Polls suggest that Trump’s choice for governor of Pennsylvania will not succeed. Mastriano is a retired Army colonel and far-right extremist who introduced a failed resolution after Trump lost Pennsylvania in 2020, falsely claiming the Republican-controlled legislature had the power to determine what candidate received the votes of voters in the state. He was seen outside the United States Capitol during the January 6 uprising.
Trailing state Attorney General Josh Shapiro, Mastriano peppered his rally speech with talking points about “culture wars.” “Day one, more critical race theory in our schools,” he said. “Day one, the alarm clock is broke…Day one, no more graphic porn in our schools.”
The Senate race between Oz and John Fettermann, the state’s lieutenant governor, looks tighter. Oz barely won the Republican nomination even after gaining Trump’s endorsement. The former president hopes the famed TV doctor, who counts former first lady Melania Trump among his fans, will help Republicans win over suburban women in the swing state.
Rally participant Bonnie Morgan, 54, acknowledged that Trump’s support of Oz had been controversial. “I’m not sure he’s a conservative but I’m voting for him because I don’t want Fetterman to be a senator,” she said.
Morgan wore a “Women for Trump 2020” cap and, around her shoulders, a flag that read “Trump 2024: Make votes count again.” She said, “He was one of our best presidents, right up there with President Reagan. Things were obviously better under President Trump.
At a rally that culminated with music resembling a QAnon conspiracy movement song, Trump may have claimed to be holding back from announcing a third consecutive presidential bid so as not to distract midterm candidates, but there was little chance of that happening. While expressing their admiration for DeSantis, attendees insisted that — in the event of a confrontation — their loyalty was to Trump.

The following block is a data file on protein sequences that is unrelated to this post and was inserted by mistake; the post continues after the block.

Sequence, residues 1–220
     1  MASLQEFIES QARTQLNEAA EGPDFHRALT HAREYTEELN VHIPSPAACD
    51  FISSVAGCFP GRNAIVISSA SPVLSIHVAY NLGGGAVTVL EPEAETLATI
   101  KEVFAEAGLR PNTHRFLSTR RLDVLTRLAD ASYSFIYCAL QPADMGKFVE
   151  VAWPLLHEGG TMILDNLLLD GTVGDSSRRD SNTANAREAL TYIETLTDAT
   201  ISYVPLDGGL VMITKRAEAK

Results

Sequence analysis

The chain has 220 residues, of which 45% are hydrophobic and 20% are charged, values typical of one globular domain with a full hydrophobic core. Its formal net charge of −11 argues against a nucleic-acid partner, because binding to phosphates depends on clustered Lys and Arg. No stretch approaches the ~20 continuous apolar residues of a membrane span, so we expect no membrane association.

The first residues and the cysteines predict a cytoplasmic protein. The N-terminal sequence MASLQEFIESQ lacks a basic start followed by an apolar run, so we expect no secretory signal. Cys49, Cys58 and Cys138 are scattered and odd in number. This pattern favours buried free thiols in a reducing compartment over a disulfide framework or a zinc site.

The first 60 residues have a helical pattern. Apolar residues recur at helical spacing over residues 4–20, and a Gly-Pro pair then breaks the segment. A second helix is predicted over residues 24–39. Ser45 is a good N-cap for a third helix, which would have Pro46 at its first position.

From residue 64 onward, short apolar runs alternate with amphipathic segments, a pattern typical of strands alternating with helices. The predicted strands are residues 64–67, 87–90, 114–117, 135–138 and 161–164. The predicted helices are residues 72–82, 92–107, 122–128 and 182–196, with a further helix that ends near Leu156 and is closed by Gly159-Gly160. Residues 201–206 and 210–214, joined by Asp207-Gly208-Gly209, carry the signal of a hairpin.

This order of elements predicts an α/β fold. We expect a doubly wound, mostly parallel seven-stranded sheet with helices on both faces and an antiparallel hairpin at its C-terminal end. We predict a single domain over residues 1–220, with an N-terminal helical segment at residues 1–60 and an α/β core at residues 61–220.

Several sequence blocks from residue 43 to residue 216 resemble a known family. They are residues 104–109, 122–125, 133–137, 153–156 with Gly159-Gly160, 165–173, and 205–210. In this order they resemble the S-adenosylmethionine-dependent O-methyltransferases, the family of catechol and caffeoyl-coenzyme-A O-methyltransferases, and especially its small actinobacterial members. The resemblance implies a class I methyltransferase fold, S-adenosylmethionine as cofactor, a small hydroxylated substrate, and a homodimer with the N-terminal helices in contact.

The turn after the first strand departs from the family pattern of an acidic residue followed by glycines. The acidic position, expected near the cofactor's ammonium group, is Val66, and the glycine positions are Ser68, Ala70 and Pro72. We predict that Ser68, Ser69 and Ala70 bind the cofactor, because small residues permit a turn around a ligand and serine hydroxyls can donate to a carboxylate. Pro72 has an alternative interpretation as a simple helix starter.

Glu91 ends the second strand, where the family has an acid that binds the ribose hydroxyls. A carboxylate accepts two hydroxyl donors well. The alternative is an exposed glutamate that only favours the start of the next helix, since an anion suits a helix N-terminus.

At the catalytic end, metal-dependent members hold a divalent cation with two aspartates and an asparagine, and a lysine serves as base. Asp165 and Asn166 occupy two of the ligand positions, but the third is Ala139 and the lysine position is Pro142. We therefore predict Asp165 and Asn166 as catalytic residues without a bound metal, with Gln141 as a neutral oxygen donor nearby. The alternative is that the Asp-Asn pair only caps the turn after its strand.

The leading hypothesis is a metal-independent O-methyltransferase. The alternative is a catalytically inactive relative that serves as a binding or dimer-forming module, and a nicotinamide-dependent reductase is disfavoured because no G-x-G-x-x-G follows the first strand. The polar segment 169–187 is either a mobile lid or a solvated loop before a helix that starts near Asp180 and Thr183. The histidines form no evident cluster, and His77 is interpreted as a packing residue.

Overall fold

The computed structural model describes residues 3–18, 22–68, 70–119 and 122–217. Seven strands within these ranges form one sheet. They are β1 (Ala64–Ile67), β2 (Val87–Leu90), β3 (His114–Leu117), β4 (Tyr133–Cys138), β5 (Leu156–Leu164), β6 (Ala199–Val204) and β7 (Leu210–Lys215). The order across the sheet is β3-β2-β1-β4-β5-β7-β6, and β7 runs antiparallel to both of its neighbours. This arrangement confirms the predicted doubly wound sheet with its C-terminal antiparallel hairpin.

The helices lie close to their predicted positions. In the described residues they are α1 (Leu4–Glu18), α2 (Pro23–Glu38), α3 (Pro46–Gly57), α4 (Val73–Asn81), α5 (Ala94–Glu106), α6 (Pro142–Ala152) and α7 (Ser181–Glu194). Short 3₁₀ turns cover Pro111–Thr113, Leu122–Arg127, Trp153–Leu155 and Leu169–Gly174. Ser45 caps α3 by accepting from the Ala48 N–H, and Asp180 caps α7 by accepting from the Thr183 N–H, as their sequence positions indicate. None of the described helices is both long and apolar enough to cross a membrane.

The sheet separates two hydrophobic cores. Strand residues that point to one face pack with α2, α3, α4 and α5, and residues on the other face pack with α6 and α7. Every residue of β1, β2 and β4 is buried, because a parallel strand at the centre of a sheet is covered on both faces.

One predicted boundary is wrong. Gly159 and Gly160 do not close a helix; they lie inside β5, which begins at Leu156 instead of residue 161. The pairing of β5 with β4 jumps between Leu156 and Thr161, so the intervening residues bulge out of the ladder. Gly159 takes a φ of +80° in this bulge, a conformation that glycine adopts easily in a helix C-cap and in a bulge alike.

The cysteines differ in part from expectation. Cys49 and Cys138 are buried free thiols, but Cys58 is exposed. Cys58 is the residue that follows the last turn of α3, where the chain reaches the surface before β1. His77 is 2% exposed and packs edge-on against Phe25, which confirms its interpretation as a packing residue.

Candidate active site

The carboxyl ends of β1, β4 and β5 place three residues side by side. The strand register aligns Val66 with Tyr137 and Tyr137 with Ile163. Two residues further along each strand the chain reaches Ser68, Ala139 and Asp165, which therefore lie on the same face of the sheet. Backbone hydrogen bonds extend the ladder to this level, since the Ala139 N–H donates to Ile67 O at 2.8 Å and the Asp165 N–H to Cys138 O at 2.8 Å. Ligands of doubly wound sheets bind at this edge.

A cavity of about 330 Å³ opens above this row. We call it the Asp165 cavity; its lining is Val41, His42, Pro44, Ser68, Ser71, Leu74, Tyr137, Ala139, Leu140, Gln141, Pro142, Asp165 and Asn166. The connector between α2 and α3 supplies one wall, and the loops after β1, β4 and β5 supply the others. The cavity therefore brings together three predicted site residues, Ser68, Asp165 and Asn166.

Terrance Berry, 47, said: “President Trump already has establishment experience. He brought out and brought out the truth about what we are dealing with in politics that we had never seen before. I appreciate Ron DeSantis and other candidates in the future, but I believe President Trump is holding the line right now: he’s pretty much the voice and face of the Republican Party at this point.
“A lot of people agree. If you ask anyone, you’ll probably get more people saying, yes, I still vote for Trump. Even if it was him and DeSantis who were running, we’d vote still for Trump. We’re looking at DeSantis maybe in 2028.”
John Sabo, 43, vice-president of an oil and gas company, agrees: “I would like to see a businessman come back there, someone who is going to be pro-economy, so that we can move forward in the right direction. on that side. I like it because a lot of far left people don’t like it and then you get a lot of the Rino type Republicans or country club Republicans don’t necessarily like it either.
“What I mean, what a lot of people here are talking about, is the working class people who are there to get things done, to move the needle for the country. That, to me, is the call.
Koury Barr, 64, a part-time editor, was also backing a Trump 2024 race. “He’s done great things for this country,” she said. “My God, inflation was under control. Jobs were going crazy. He was just very good for this nation.
Even so, some analysts believe a string of defeats for Trump’s anointed candidates on Tuesday could further weaken his grip on the party, forcing him to reconsider whether a 76-year-old, twice-impeached president will serve a term – in the face of multiple federal, state and congressional investigations – is really his best bet to win back the White House.
Jon Hudaksenior fellow in governance studies at the Brookings Institution think tank in Washington, told the Guardian during a virtual press briefing: “In a weird twist, if you see the Senate seats in Wisconsin, in the ‘Ohio, Pennsylvania, Georgia, go Democrats, which ends up being a very, very, very good day for Ron DeSantis.
“Ron DeSantis can say, ‘Look, the candidates I campaigned for won. I didn’t inject myself into some of these other races like the former president did. And he will have nothing to say to come out of it healthy. Ron DeSantis might want Tim Ryan to win the Ohio Senate race more than Tim Ryan, because it could be very beneficial to him in 2024.”